Some critics complain that Neil Simon’s plays rely too much on jokes which, to me, is like complaining that Shakespeare’s plays rely too much on iambic pentameter. And Neil Simon started out as a comedy writer, along with his brother Danny, working on, among other things, Sid Caesar’s Your Show Of Shows in a writers’ room that also included Mel Brooks and Carl Reiner and I can’t begin to imagine what that was like.
His plays are generally romantic comedies, built on a style that can be traced back to ancient Greece and fairy tales–he once said his own life was “kind of a Cinderella story”–but he went beyond the traditional happy ending. Neil Simon was always interested in what happened after happily ever after. Barefoot In The Park, his second play and first big hit, picks up where most romantic comedies end, and his next and probably most famous play, The Odd Couple, centers around two divorced men. The funny thing, though, is that Oscar and Felix enter into kind of a marriage—when Oscar asks Felix to move in with him he even asks, “What do you want, a ring?” And then they end up going their separate ways, although they’ll always have the weekly poker game. Even in his later plays Simon keeps returning to the themes of divorce and how families break up or stay together. In the semi-autobiographical Lost In Yonkers it’s mostly seen from children’s perspective, reflecting how, when he was young, Simon’s father deserted the family for long periods and his mother took in boarders to pay the bills while sometimes sending her sons to live with relatives. Simon said, “The horror of those years was that I didn’t come from one broken home but five.” Escaping into comedy, starting with the films of Charlie Chaplin, was how he survived.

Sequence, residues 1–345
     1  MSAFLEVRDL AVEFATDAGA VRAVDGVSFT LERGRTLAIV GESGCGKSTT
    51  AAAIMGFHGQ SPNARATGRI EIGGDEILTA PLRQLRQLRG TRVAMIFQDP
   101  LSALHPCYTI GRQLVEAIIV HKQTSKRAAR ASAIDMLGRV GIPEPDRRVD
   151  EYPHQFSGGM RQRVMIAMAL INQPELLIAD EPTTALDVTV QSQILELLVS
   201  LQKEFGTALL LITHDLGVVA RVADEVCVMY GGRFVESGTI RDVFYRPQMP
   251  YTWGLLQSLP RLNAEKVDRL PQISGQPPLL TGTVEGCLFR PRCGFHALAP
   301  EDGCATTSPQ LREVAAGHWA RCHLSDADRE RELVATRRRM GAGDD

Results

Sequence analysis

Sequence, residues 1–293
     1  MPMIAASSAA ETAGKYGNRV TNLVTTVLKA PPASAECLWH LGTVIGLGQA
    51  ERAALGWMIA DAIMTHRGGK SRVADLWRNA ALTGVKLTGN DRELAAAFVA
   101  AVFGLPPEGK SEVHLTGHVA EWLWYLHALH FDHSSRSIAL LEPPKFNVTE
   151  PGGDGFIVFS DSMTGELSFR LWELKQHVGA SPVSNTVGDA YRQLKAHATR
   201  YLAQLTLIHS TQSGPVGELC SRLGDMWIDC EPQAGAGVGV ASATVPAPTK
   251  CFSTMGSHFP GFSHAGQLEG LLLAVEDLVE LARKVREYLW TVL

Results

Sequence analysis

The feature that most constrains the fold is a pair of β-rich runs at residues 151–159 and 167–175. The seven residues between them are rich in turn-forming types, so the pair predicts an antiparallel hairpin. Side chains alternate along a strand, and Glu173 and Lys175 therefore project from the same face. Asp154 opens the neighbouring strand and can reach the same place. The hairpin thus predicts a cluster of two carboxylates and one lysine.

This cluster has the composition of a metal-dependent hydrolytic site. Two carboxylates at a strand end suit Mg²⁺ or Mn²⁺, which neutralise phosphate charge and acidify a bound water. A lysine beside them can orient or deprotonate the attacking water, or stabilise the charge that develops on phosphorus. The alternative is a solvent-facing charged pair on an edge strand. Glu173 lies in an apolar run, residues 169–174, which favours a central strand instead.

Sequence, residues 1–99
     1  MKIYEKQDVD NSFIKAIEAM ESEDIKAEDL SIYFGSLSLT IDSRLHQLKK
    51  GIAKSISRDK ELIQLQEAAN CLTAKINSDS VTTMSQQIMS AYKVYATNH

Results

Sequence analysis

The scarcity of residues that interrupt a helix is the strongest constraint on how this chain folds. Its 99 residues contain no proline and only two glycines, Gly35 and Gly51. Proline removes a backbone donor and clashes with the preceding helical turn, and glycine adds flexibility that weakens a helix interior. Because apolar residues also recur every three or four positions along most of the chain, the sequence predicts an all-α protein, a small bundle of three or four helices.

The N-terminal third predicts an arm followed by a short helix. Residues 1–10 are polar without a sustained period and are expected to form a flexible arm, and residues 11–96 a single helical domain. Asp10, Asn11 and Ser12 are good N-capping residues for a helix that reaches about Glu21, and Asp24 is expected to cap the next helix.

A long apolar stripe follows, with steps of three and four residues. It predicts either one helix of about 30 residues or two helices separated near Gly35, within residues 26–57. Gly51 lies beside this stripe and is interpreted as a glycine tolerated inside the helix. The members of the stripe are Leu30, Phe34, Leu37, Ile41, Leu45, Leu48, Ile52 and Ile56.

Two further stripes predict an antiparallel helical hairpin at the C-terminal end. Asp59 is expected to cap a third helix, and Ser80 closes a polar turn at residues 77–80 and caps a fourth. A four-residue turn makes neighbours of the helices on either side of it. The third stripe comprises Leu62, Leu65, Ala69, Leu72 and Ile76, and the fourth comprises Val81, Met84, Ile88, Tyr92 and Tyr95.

Even though comedies traditionally end on a happy note many of his plays, his best plays, have open or ambiguous endings. While he always affirmed the human desire to survive he also reminded us that after every ever after there’s another story, another beginning. His characters and plays realistic–only once does a character break the fourth wall and talk to the audience, in Jake’s Women–but he also wants them to find happiness and fulfillment, and they find it through laughter. He said, “I used to ask, ‘What is a funny situation?’ Now I ask, ‘What is a sad situation and how can I tell it humorously?'”
Here’s a better line, one that could be a philosophy for life: in Laughter On The 23rd Floor, a tribute to that old writers’ room, one of his characters says, “I knew then and there that if I was going to keep my job I’d have to become as totally crazy as the rest of them.”
Hail and farewell Neil Simon.